How Much Tax Hike is Too Much?

The unstoppable force of spending requests meets the immovable object of money woes as Edmonton City Council debates property tax hikes

The draft of the City of Edmonton’s yet-to-be-approved budget recommends that property taxes go up by 3.9 per cent in each of the next four years.

Ward Ipiihkoohkanipiaohtsi Councillor Jennifer Rice said that, within a week of opening a public-feedback process on the budget, she received more than 400 comments, the majority of which are from people who don’t want to see their taxes rise that much. While the rookie councillor said the increase is something she can live with, she will not support the budget if that number goes any higher.

“We have a lot of work to do on this budget,” Rice said. “I am worried property taxes will go too high.”

Why might they go higher than recommended? There are pages and pages of unfunded projects in the capital budget, from bike lanes to housing for the unhoused to extra bays for ETS buses. As well, Edmonton City Council has recently heard new requests for funding.

"I will not support it if the taxes go any higher [than 3.9 per cent].”

“The 3.9 per cent does not include new requests. It does not include the unfunded package,” Rice said. “If those two categories are added on, or some of them are approved, I worry that taxes could go up too high.”

She said if more items are added to the budget, it’s “conservative” to think that the tax hike could go higher.

“I can’t stand for that. I don’t think, when it comes to cost of living, that Edmontonians will accept this. I don’t think it’s fair for Edmontonians if it goes that high. I will not support it if the taxes go any higher [than 3.9 per cent].”

Compare this to comments made by Coun. Ashley Salvador, who has said she won’t support the budget unless some of the “unfunded” projects – such as bike lanes and climate-change-fighting initiatives – move to the funded side. It gives a small glimpse in how different councillors view the draft budget, and where the political battlegrounds are going to be.

As part of the budget debate, council could opt to move several unfunded projects to the funded side – or look at them again down the road.

But, there’s an argument that 3.9 per cent doesn’t even keep up with the rate of inflation, meaning, in real terms, even with the tax increase, the City is losing buying power. Rice said this is where other levels of government need to step in.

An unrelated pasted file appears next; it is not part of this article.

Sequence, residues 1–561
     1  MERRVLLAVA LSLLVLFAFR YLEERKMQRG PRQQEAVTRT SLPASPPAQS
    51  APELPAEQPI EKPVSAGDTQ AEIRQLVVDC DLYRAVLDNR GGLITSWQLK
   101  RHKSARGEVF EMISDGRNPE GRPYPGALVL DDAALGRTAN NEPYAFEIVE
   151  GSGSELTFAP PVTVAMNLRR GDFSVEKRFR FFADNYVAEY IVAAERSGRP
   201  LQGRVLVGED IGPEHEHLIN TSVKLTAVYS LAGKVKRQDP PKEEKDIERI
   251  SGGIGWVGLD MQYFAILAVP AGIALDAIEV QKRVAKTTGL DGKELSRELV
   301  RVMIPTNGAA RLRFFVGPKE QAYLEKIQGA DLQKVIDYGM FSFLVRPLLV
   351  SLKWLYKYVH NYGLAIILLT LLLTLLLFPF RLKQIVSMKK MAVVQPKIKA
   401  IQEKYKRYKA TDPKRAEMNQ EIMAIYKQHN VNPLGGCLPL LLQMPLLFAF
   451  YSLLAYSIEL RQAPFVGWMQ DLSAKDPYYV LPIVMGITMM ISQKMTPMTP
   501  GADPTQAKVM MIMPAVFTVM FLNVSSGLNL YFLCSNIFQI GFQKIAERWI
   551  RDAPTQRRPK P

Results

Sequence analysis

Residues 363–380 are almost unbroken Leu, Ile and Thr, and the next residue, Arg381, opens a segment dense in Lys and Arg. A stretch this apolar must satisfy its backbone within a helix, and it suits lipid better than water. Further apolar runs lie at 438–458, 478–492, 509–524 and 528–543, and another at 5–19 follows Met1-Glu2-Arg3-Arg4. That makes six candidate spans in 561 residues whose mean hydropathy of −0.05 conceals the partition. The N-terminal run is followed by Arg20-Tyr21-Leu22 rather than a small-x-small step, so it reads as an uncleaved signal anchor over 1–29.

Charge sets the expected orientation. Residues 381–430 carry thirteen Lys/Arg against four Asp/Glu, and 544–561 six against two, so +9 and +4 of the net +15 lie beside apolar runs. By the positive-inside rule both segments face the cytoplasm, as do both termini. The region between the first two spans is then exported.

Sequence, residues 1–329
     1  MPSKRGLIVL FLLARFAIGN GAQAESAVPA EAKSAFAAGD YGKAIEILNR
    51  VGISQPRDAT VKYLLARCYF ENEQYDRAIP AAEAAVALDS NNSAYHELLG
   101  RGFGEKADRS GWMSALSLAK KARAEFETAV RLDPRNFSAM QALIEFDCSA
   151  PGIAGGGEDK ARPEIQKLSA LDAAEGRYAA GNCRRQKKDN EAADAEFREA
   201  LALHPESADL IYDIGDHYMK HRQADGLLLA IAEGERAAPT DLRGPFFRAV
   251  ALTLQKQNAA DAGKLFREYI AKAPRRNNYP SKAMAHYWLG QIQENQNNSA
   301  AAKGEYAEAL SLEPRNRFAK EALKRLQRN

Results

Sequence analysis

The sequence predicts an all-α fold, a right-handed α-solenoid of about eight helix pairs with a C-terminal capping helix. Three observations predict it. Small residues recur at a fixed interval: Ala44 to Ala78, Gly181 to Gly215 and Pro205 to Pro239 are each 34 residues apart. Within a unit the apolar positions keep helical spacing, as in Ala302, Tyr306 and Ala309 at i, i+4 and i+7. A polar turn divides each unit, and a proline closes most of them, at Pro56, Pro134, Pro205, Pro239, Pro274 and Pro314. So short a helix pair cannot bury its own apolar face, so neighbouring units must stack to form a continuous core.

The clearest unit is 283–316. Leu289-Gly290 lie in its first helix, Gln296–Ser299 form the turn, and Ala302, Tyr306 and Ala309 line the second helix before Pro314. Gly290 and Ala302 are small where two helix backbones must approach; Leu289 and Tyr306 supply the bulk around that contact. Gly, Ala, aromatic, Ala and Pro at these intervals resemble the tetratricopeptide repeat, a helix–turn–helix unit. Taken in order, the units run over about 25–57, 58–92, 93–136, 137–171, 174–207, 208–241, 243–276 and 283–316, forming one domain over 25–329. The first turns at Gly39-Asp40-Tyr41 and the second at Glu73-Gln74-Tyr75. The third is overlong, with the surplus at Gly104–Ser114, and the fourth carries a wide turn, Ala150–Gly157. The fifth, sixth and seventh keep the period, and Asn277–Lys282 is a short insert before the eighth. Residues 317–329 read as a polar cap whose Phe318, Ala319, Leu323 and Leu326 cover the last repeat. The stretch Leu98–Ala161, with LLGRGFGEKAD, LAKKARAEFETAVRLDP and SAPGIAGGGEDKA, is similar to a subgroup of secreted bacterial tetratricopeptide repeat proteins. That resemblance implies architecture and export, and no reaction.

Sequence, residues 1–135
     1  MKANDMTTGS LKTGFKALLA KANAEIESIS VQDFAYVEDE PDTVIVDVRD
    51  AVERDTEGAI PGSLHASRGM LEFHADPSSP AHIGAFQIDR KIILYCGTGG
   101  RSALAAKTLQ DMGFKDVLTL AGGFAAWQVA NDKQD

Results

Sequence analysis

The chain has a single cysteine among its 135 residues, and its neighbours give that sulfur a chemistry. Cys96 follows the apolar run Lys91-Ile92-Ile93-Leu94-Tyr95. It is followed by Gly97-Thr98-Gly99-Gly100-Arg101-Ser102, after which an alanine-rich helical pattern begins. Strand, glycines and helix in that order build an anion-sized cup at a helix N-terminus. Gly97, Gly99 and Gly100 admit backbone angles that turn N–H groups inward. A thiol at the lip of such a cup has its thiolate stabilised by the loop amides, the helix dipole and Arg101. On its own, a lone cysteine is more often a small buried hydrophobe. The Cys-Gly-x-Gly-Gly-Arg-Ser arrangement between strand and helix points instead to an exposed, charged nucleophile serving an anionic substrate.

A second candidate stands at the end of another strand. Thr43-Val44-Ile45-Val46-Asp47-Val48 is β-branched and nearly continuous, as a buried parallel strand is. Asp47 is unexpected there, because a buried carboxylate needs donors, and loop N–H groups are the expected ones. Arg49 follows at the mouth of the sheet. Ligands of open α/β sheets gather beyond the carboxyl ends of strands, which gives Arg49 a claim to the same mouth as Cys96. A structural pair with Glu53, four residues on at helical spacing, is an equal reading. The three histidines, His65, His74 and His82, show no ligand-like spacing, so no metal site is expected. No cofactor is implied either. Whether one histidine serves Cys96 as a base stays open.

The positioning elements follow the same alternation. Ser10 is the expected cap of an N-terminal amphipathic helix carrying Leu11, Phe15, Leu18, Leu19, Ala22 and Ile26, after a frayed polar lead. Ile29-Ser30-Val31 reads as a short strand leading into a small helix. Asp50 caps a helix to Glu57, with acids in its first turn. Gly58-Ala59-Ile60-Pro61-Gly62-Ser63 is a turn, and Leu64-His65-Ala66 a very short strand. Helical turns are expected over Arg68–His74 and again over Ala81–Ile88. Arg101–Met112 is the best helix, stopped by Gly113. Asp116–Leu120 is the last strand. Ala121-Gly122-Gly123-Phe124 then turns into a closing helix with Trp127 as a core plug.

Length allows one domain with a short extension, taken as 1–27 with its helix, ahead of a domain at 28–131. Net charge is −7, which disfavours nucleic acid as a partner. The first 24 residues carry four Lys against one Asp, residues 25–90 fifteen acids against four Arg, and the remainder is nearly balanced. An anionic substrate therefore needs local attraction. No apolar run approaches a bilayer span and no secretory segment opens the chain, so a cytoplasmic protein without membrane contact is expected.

“The rate of inflation is something the City cannot control,” she said. “Our federal government needs to do something to address it. Inflation is something that is faced equally by every government and every organization.”

Before deciding to run in last year’s election, Rice worked for the provincial government. Before that, she was a mathematics professor. She said there were three major reasons that she put her hat into the ring for a councillor’s seat: As an immigrant, she wanted to inspire New Canadians in their new home; She wanted to inspire young Edmontonians to take more interest in the city and be more politically active; And she felt that the concerns of her southwest Edmonton ward had fallen on deaf ears downtown.

For Rice, it comes down to the tried-and-true notion that the city needs to look at its core services, and take a hard look at what falls outside of that.

“Are Edmontonians happy with the current level of service, or are they not happy? Which areas are overserved, and which are underserved? We need to look at what’s underserved, and balance that with the overserved. That is the bottom line.”

Ward Ipiihkoohkanipiaohtsi straddles Anthony Henday Drive in south-central Edmonton. Rice says her ward is underserved in transit options and that there is a lack of good parks in the area.

She says she has heard a lot about bike lanes from constituents. “In Bearspaw, Ermineskin, Steinhauer, Skyrattler and Blue Quill, people specifically talked about the bike lanes,” she said. “That action happened several years ago, the bike lanes being put in. But people in those neighbourhoods felt that they weren’t being heard about how the bike lanes were being put in.”

She said there were complaints about residents in mature neighbourhoods not being heard when it came to the approval of infill projects in their area.

“What I heard in my campaign, and what is close to my heart, is that people’s voices aren’t heard at City Hall. I heard over and over that decisions are already made before public consultations are held. That was number one.”